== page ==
Mason’s Equestrian Club talks competition and team bonding
BY ALEXANDRIA MCALPINE, ART DIRECTOR
Imagine waking up at 4 a.m. in the dead of winter to drive 45 minutes to work out in the cold. For the 25 members of the Mason Equestrian Club, setting up a home show requires just that.
“It’s tough, but I think it’s a really good bonding experience,” freshman cyber security engineering major Melody Jackson said.
When the Mason Equestrian Club hosts a show, they must get to the barn bright and early to feed, groom and warm up all the horses for the show.
“I think our last home show was pretty funny because … by the end of the night we’re all so exhausted, and we usually just break out into really funny weird things,” freshman Hailey Delorey said. “And [the] last home show, people just started dancing in the aisle while the other half of us were like, asleep on the wall, and those memories are just fun.”
During the semester, the members practice on the club trainers’ horses. Though some of the club members have horses at home, some lease horses, and some just take lessons for the love of the sport.
“They all have their own quirks,” freshman Brittany Groad said of the horses. She has been riding for around seven or eight years and says the horses they use are not all perfect, but none of them are rough to ride.
At home, Jackson, who has been riding for around 12 years, leases horses that are not trained as well as the horses at Mason. She said that it is nice not to have to worry about how the horses at Mason will react, but that at the same time she has more passion and pride when she is the one training the horse.
The club is always kept at or below 30 members so that the coach can still individualize each training session with the club’s members.
For freshman Anna Bertino, the Mason club is a great team environment and a cheaper alternative to taking lessons at home, where the closest barn is over 40 minutes away.
“I found out it wasn’t as crazy expensive as I thought it was going to be,” Bertino said. “And it wasn’t as much as a commitment as I thought it would be. I went to tryouts, and I met all the girls, and it was a really cool environment, and so I stuck with it.”
The team has a lesson once a week and will have three or four shows a semester.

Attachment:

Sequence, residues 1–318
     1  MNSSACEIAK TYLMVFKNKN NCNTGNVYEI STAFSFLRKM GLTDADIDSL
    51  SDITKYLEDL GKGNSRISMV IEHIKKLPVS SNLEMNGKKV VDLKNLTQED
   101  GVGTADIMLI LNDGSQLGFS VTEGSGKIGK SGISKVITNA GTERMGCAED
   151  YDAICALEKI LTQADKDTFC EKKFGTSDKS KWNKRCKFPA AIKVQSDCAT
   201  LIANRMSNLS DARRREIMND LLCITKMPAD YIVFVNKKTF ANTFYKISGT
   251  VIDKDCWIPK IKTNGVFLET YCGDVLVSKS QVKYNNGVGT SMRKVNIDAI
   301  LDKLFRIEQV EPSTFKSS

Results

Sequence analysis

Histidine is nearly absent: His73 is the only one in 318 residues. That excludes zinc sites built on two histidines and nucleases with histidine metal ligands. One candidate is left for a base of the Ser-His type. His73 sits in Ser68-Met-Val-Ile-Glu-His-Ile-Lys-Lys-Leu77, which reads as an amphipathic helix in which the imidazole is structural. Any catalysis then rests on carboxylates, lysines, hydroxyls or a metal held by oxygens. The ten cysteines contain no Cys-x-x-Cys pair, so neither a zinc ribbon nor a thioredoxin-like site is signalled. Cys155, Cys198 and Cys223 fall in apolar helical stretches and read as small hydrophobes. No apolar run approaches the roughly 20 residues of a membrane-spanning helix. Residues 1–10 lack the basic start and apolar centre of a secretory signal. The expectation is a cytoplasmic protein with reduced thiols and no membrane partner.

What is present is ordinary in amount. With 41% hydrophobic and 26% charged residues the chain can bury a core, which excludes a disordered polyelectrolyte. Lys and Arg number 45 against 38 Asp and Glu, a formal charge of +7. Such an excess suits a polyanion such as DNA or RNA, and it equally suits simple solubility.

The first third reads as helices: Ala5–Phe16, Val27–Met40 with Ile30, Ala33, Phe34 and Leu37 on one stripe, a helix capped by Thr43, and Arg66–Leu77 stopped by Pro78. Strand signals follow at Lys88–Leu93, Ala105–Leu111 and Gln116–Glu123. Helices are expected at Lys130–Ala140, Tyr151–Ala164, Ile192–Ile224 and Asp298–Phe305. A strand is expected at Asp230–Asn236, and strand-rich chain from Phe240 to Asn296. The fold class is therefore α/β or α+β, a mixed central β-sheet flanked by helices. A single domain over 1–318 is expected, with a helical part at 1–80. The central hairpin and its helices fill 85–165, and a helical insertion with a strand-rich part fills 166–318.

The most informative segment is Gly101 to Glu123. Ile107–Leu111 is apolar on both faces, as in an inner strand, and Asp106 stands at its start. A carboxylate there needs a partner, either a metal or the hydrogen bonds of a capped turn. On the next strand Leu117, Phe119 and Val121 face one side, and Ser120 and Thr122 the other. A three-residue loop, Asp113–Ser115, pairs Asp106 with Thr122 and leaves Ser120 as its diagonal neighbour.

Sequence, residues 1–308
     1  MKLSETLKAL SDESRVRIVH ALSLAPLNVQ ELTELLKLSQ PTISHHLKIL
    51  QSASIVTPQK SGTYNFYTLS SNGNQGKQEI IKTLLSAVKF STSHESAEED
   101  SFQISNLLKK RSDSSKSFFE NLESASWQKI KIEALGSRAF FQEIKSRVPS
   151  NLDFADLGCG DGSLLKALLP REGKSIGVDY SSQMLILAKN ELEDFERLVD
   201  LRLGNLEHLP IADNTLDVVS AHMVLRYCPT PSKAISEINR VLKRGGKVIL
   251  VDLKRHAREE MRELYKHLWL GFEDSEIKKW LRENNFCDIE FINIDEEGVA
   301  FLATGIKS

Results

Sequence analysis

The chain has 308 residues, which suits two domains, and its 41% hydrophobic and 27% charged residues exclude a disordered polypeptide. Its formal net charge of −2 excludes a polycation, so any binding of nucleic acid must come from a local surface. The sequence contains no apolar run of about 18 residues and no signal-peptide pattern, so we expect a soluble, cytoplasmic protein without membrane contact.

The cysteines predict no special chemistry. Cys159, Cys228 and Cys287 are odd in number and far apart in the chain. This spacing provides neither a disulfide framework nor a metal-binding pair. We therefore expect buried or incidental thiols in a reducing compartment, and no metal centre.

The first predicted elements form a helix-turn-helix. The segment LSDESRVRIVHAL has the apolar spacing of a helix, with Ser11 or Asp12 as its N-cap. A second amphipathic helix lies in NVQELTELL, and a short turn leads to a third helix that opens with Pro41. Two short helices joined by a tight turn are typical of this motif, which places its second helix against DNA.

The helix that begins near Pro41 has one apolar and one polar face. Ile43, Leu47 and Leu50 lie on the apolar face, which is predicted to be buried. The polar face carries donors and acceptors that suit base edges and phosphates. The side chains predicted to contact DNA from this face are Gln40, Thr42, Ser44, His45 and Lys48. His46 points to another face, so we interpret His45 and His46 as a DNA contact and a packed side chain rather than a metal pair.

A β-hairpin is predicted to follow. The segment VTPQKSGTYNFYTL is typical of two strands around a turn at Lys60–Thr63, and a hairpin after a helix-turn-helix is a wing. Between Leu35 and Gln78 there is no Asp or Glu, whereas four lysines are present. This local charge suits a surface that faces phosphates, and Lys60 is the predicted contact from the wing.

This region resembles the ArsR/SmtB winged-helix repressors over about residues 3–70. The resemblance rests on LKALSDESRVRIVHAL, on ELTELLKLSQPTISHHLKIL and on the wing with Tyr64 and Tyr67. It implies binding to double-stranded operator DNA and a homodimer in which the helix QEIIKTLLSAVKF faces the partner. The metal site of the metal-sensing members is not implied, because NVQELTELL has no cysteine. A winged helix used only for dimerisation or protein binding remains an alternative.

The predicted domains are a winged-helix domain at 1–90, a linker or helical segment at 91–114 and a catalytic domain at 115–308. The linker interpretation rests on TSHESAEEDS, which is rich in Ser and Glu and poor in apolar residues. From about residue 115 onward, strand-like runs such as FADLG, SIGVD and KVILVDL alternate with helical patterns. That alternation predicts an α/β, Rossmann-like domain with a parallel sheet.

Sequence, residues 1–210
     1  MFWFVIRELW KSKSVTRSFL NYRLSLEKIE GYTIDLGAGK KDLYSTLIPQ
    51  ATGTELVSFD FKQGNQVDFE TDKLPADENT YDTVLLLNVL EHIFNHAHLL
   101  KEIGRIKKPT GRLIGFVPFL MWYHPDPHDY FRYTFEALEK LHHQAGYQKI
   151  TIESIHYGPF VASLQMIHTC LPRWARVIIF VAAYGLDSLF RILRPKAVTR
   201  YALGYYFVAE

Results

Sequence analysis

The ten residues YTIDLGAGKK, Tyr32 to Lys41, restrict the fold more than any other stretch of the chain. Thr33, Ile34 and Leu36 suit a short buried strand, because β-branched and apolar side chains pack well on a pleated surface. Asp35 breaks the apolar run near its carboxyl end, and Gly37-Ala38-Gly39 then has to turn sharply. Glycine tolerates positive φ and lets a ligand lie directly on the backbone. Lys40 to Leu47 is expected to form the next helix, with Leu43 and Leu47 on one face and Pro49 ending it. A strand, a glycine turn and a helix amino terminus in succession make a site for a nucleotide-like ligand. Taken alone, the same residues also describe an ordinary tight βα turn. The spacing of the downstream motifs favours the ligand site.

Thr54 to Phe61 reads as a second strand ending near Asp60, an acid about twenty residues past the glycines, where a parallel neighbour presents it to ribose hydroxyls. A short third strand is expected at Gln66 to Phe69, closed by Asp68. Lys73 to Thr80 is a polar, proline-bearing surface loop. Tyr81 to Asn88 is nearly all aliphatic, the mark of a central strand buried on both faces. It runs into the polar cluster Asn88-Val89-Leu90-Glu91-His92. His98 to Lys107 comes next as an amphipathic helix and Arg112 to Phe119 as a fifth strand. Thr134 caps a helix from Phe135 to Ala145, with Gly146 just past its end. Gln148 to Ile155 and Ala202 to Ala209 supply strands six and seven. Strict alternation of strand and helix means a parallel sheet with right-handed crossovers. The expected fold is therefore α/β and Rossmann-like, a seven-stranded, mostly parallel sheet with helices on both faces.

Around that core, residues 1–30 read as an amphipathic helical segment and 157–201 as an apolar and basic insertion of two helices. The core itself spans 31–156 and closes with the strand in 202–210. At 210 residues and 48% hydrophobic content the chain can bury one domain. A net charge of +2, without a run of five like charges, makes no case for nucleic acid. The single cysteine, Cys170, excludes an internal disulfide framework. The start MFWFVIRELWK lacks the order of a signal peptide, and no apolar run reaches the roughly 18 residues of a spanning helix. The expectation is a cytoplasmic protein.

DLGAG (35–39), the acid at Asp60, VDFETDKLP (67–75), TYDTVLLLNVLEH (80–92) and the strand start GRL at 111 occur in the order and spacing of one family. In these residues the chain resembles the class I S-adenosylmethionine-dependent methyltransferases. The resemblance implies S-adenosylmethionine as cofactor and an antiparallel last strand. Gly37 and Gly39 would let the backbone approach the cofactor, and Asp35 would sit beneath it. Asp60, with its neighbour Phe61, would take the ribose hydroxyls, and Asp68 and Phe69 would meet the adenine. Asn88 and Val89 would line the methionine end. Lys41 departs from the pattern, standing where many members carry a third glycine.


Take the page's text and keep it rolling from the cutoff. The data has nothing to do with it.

“We have lessons once a week with the trainer,” junior Rosie Landoll said. “Our barn’s like 40 minutes away, so we know it’s hard to get down there, … [We] tell people … you’re a student-athlete, so school comes first. … If you have a test that day, you can let our trainer know, and she’ll let you make up your lesson another time, so it’s a very supportive environment.”
Landoll is the president of the club. She is in charge of the executive board, made up of a vice president, secretary, treasurer, fundraising chair and social chair. Landoll is also the person who coordinates with the regional president and organizes the competitions.
“So for competitions, how it works is we go to the different schools in [the] Maryland/D.C. area, and then whoever’s hosting that show, provides the horses, so when we host a show our trainer has about 15 to 20 horses that she provides,” Landoll said. “The objective of it is that you’re drawing a random horse that you’ve almost never met before, and then you’re riding that, because that shows your true riding ability in the competitions.”
The team usually has one home show out of the shows they attend each semester.
“Away shows are always fun, because you’re just like, sitting there trying not to die of cold and hunger and sleep deprivation, and the giggles just come out,” Bertino said.
The competition is split into two events; Flat, where riders will ride around the ring and the
judges will watch their form, and jumps when riders must jump over a series of fences in a
“You’ll either be in a flat class where you’re riding around and they judge based on your positions and how you handle the horse,” Delorey said. “Or it’s a jumping class where you’ll run through a of jumps, and they judge on your position and how well you do it, and you can’t knock any down. I like jumping; it’s always a thrill no matter what height they are.”
Knocking any of the fences down during the jumps results in the rider being disqualified.
“We have an ex-Grand Prix horse,” Landoll said. “So he did crazy high jumps, and so he’s really fun to jump. Then sometimes you get little ponies who will trip over the jump because they’re just so small, so that’s my favorite part, just seeing what their jumps [are] going to be like.”
It can sometimes be difficult to know what different judges are looking for during the shows. Jackson said one element to keep in mind is how the rider looks, like they are trying really hard or whether it looks more effortless.
“I mean, they’re looking at every aspect,” Landoll said. “They’re looking to make sure your eyes are looking up. That you’re not looking at the ground. That your hands are steady, that they’re not on the horse and they’re not in your lap. So they’re really just looking for particular body position overall.”
This style of riding in competition is called “equitation,” meaning the judge is not supposed to look at how fancy the horse is but rather only the rider’s performance.
Regardless of how competitions go, all the women ride horses for both the love of the sport and the fun of riding.
“Oh yeah, definitely, I want to keep horses in my life as long as I can,” Delorey said.